Its a holiday in Red Sox Nation. 147 years ago today, Denton True Young was born on a farm in Gilmore, Ohio. By the time he threw his first big league pitch, he had been given the nickname “Cyclone” because of the speed of his fastball. He started his big league career in 1890 with the old Cleveland Spiders of the original National League. When he left the senior circuit in 1901 to join the just-formed Boston franchise in the brand new American League, he had become the winningest pitcher in NL history and his nickname had been shortened to just “Cy.”
He then proceeded to lead the new league in wins during its first three years, with 33-10, 32-11 and 28-9 season records respectively. When he ended his big league career in 1911, he had set Boston’s franchise record for wins with 192 and his 511 combined big league career victory total is a mark that will never be broken. He won at least 30 games in a season five times and was a 20-game winner fifteen times.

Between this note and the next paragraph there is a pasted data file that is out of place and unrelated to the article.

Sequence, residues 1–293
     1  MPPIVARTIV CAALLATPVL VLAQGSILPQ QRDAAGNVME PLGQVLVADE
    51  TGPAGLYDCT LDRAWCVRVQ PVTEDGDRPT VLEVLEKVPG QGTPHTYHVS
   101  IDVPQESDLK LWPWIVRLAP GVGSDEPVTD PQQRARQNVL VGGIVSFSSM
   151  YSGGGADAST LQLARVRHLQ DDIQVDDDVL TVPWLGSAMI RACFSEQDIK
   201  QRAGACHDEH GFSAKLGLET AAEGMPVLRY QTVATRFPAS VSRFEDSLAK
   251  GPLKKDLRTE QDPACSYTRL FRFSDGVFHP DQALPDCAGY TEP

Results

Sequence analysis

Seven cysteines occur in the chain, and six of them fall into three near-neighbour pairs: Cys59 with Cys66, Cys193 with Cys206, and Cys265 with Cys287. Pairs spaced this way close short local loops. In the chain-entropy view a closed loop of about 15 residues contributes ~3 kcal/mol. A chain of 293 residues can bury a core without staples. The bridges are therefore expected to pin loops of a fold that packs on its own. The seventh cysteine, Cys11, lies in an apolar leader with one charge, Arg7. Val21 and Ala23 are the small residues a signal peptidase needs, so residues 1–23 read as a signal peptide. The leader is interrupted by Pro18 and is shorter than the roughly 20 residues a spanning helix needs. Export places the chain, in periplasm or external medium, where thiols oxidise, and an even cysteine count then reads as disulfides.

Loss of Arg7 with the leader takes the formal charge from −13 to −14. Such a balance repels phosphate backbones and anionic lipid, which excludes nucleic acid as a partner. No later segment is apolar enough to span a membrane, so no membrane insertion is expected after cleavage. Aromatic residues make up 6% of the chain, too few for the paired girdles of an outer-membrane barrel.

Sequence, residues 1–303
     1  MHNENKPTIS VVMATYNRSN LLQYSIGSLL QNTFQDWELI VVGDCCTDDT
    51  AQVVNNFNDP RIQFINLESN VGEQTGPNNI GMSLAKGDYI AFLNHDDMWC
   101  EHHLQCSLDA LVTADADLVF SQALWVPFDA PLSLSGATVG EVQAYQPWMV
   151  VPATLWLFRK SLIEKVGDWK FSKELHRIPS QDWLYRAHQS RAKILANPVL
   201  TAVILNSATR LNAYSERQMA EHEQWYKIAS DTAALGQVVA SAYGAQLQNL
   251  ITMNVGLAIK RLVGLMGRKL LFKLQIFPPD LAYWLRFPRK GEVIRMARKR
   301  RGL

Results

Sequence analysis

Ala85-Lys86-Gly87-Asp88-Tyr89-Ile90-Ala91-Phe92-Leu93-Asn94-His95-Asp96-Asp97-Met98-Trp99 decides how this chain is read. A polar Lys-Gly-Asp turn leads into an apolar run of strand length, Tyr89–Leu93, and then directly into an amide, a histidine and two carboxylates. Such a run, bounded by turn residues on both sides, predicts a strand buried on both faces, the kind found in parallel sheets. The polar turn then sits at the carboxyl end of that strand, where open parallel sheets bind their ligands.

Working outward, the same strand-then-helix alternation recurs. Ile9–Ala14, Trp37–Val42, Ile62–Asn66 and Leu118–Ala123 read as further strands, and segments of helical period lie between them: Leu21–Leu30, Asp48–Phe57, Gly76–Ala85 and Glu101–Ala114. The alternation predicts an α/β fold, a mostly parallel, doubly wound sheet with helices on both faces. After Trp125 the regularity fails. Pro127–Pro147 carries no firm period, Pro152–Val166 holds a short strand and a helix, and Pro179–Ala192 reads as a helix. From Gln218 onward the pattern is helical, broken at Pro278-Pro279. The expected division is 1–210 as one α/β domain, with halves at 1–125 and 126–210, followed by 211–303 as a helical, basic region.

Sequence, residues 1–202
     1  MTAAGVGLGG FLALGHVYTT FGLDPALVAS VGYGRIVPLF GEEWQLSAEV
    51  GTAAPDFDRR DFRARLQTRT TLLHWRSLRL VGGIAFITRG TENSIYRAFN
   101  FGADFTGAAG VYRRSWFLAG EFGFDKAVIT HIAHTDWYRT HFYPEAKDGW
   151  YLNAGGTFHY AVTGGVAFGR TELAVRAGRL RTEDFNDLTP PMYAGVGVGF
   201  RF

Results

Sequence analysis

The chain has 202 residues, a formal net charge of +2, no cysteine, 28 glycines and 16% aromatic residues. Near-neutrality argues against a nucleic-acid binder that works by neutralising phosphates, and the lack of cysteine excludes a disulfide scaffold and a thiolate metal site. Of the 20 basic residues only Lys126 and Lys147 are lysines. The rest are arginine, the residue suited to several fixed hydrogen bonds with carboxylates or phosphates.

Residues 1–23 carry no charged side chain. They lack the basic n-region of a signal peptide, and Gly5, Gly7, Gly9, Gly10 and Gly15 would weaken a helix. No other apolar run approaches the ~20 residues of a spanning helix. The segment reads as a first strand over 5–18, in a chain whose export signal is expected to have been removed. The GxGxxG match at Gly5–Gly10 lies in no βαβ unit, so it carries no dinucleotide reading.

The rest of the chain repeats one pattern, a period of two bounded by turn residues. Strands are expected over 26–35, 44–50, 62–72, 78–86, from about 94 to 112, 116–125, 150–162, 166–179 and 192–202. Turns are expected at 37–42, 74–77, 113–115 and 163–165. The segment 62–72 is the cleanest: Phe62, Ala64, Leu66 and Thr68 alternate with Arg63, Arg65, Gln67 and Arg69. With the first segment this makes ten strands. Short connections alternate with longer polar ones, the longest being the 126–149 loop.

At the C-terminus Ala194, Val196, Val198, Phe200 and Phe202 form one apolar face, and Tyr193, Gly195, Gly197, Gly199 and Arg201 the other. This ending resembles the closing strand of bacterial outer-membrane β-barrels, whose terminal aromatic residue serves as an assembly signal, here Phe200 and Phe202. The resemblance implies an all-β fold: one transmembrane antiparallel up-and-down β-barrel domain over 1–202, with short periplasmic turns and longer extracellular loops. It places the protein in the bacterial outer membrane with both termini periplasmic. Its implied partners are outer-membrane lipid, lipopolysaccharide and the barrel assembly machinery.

Is it any wonder that the award that goes to the best pitcher in each big league is named after this guy. He threw over 7,356 innings during his 22-season big league career and tossed 76 shutouts. He started the first World Series game ever played. He was among the first group of players to be inducted into the Hall of Fame. His lifetime ERA as a Red Sox was 2.00. He remains the career leader in all-time wins by a Red Sox with 192, tied with Roger Clemens. He and Clemens are also tied in most career shutouts as a Red Sox with 38 each. Cy Young was a baseball God. He died in 1955, at the age of 88.